Monday Problem: Mom comes home trashed at night

Disclaimer: all emails are abbreviated and edited for clarity. When you submit to The Nanny Time Bomb please note that there will be edits. All names and info kept confidential. 

Dear Nanny X,

I work for a newly divorced mom who is highly successful. She runs a top PR agency. She takes good care of her body (juices, exercises) and for the most part is a responsible lady and mom, besides one thing. She comes home wasted. 

Maybe once or twice a week I babysit late as she goes out for ‘work’ functions. Her kids are ages 12m and 3 years. They are always in bed because it’s normally around midnight. 

Okay so how drunk is drunk? When she comes home she staggers in, sometimes stumbling into the wall. She can’t talk properly. I’ve left her snoring on the sofa or face down fully-clothed on her bed too many times to count. I always double-lock the front door as she often just leaves it open behind her. 

This is not once in a while. This is like once a week. I feel bad for her as I know she is upset over her divorce (which was particularly nasty) and she works real hard. But I’m getting to the point where I am seriously concerned about the kids. What if the baby wakes in the night or the toddler sleepwalks? I feel connected enough to the family to say something. 

Should I?

Sheila O’N

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Dear Sheila,

thanks for your email. It’s not easy navigating the lines between what is the family’s right to privacy and what is in the child’s best interests. As childcare workers our responsibility is primarily about safety. If the children we care for were being beaten or neglected in some other way we would feel compelled to say something. This is no different. What – G*d forbid – if there were a fire? Or some other emergency? How would your employer be able to act effectively if she were still inebriated?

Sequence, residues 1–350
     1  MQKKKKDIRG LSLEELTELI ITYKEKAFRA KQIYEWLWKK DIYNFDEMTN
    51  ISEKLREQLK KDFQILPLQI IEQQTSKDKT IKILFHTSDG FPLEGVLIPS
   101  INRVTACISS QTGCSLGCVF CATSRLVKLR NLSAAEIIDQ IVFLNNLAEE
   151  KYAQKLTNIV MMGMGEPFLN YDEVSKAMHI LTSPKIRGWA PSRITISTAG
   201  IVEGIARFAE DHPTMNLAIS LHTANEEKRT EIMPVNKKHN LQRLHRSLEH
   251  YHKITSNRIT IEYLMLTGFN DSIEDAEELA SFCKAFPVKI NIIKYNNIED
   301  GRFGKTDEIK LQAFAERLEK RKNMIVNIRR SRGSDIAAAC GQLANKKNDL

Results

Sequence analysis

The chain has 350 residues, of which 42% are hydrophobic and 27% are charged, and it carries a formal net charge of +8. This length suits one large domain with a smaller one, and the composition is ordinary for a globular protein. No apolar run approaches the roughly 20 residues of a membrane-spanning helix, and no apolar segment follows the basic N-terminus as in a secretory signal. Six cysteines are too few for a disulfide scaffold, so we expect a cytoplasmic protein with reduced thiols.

It does sound like she is under a lot of pressure. She’s a single parent, engaged full-time in a demanding career and processing a divorce. She clearly needs some extra support and that doesn’t come at the bottom of a bottle. But it won’t be easy raising the matter with her. 

The bottom line is this is a conversation you will have to have with her. Evidently it can’t be done once she comes home unless it’s a night she is less intoxicated. Be prepared for some defensiveness as no one likes to appear foolish in front of employees or co-workers. But stay firm while compassionate. 

Let her know that you don’t condemn her but that you are only acting in the children’s best interests. In the unlikely event your employer becomes unreasonable or continues to exhibit irresponsible behavior, you may have no other option than to take matters to the children’s father. Yes, this would be a last resort but you would never forgive yourself if something happened to the children after you had clocked off. 

Nanny X